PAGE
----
Medway DAA Business Breakfast

Thursday 3 November 2016

News Release

Kent businesses learn more about impact of dementia on employees

Medway DAA BB 1Forty businesses came together to show their willingness to make Medway a more dementia friendly area. Medway Dementia Action Alliance organised a business breakfast meeting on Thursday 3 November, and businesses from across Kent and Medway visited Chatham Historic Dockyard.

They discussed how to support people affected by dementia, either living with condition or caring for someone with it, in the work place. The meeting saw speakers discussing their personal experiences of dementia and the workplace.

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Denise Wilton, owner of The Mylan Focus, a Marketing and Business Development Consultancy, spoke about her experiences of caring for her dad with dementia; Lorraine Brown talk of the trauma of having her career ended because of her diagnosis of dementia; and Jemma Fairclough-Haynes, from Orchard Law spoke about indirect discrimination, what reasonable adjustments need to be made for people affected by dementia.

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The event was followed by an optional Dementia Friends session, an initiative that aims to help people understand what it might be like to live with dementia and turn that understanding into action.

Lorraine was diagnosed with Alzheimer’s disease in August 2014, at the age of 61, after colleagues noticed she was not performing to her usual standard at work.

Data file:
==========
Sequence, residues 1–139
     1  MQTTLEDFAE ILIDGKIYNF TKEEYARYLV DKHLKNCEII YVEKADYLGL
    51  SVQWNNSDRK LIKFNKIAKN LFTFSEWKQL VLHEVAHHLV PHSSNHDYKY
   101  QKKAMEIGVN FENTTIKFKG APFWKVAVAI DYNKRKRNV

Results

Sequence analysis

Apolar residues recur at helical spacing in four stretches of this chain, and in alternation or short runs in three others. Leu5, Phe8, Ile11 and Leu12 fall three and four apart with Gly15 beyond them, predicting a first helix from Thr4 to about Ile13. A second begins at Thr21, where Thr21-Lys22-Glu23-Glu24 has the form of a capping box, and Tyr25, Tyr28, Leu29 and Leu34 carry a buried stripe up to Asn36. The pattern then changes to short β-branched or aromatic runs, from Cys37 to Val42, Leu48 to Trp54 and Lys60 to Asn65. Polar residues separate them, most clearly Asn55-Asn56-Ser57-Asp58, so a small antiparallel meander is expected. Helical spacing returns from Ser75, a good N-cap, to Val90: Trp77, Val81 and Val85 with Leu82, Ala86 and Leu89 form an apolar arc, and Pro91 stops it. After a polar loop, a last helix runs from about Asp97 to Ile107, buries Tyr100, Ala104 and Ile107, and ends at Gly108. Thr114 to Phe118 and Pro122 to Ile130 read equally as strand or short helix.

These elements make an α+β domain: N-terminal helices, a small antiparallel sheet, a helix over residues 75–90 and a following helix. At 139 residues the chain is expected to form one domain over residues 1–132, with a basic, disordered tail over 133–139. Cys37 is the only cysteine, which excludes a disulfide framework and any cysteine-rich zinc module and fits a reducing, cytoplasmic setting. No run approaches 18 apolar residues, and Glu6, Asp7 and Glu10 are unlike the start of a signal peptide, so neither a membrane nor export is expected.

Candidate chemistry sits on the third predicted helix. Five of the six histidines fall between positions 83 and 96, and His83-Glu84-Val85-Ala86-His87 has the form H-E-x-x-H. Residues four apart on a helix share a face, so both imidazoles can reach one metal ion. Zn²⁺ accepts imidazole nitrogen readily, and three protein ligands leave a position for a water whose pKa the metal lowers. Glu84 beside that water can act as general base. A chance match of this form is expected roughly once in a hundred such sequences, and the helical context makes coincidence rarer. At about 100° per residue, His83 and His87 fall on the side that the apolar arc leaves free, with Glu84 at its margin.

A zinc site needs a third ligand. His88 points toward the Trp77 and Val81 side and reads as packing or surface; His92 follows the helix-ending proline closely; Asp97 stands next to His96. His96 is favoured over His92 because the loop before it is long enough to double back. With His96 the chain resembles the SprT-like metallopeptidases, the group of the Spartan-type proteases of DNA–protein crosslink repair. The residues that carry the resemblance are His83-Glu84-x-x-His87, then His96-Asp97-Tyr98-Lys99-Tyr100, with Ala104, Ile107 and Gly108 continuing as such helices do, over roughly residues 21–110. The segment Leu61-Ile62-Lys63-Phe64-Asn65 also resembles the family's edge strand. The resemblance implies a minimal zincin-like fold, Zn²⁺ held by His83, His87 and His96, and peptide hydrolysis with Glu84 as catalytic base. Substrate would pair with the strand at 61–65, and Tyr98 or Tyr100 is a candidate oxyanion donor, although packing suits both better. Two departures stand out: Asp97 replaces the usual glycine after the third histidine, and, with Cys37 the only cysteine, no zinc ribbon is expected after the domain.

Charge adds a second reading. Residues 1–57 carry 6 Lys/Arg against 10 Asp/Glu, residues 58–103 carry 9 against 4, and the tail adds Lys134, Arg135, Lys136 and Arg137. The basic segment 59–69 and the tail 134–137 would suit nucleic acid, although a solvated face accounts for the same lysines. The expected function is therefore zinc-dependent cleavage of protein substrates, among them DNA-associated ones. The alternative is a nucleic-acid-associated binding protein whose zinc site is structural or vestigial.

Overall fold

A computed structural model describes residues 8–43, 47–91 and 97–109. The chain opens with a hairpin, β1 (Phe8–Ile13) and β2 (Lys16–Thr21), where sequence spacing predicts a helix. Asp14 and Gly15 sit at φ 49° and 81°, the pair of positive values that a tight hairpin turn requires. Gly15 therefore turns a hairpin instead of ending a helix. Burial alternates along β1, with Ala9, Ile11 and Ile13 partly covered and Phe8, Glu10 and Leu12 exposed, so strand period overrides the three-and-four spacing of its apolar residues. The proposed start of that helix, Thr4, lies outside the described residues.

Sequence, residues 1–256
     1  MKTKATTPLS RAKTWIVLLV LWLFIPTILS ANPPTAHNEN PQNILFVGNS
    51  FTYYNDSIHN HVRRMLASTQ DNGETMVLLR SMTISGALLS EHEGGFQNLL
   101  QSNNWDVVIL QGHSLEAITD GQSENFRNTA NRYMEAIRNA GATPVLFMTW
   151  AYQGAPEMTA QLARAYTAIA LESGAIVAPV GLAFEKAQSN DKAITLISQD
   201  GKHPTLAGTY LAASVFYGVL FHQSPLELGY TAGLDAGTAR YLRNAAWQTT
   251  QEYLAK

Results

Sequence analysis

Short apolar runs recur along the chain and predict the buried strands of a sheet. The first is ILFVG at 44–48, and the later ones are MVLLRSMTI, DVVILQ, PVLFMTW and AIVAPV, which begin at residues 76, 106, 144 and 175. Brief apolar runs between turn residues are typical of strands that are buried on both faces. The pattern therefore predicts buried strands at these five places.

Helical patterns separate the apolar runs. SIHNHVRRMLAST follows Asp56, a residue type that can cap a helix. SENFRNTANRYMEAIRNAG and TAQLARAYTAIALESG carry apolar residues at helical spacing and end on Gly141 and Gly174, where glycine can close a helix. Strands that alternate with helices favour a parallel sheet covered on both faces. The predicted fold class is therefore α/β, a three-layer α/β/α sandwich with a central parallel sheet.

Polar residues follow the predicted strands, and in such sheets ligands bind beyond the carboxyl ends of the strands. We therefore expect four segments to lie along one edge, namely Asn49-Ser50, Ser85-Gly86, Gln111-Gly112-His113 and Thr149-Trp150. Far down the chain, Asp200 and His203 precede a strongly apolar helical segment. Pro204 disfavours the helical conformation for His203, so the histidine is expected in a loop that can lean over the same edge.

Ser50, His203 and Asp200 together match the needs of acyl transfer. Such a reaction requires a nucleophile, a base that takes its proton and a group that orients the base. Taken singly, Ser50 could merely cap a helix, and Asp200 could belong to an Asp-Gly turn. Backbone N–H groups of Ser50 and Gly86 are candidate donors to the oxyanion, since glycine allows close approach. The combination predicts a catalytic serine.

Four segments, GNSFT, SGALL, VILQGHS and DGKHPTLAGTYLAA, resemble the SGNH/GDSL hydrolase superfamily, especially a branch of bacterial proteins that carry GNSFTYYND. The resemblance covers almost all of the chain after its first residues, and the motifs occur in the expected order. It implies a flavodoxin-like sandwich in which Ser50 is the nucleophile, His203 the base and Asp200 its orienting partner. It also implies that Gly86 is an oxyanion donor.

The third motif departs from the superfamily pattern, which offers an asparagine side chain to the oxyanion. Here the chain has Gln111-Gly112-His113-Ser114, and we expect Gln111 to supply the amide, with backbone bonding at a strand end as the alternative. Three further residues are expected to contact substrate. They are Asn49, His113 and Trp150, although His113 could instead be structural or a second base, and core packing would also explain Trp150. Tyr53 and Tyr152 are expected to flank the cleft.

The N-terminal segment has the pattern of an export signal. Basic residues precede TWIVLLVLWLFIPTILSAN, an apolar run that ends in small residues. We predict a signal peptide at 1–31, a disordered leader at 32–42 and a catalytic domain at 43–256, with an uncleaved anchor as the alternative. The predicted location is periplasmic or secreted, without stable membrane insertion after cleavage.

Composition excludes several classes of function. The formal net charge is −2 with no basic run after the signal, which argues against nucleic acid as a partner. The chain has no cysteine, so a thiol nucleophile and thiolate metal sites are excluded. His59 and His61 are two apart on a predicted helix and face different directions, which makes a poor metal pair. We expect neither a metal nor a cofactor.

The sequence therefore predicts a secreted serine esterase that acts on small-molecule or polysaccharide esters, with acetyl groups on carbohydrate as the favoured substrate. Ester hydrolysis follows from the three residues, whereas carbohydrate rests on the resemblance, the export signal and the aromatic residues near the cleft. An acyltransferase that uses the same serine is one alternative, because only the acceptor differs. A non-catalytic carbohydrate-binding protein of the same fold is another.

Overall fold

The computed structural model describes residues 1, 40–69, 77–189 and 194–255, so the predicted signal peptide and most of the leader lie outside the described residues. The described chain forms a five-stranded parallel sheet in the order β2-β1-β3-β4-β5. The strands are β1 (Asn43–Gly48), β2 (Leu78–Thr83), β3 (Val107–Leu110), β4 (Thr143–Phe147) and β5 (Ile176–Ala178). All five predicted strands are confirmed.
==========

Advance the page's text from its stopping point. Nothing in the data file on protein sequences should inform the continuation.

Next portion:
She put this down to stress as a result of problems at home, and hoped the tests that were offered to her would confirm this. Lorraine Brown, Alzheimer’s Society ambassador and Chairman of Medway Dementia Action Alliance, said:

“I’d worked at the hospital for 24 years and as soon as I got my diagnosis, it was almost like they didn’t have time for me.  It was a strange situation because I felt that I was the last to know that I had dementia I was in denial for a long time, which I think was one of the reasons it took so long to diagnose.

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“I’m on a mission to improve the lives of people affected by dementia and the work environment is a good place to start. I feel passionately that people should still have the same respect, even if you do have dementia.”

Across the UK, there are 42,325 people aged under 65 with dementia, many of whom continue to work following diagnosis, and the 27 per cent of carers continue to work after a diagnosis of dementia

Jackie Swapp, Alzheimer’s Society Operations Manager for Kent and Medway, said: “It was great to see organisations and businesses come together to find out more about dementia and the impact it can have of their work force.

“It’s possible that someone may receive a diagnosis of dementia while they are still working. This doesn't necessarily mean that they will need to give up work straight away, but there are some things they may want to think about, like talking to your employer and thinking about the future.

“A diagnosis of dementia does not instantly mean that you can no longer work, and it was good to be able to share information with local employers about the options.”

To find out how your business can become dementia friendly, visit www.alzheimers.org.uk/dementiafriendlycommunities

Kind thanks to Al Frank Monk Photography for the photographs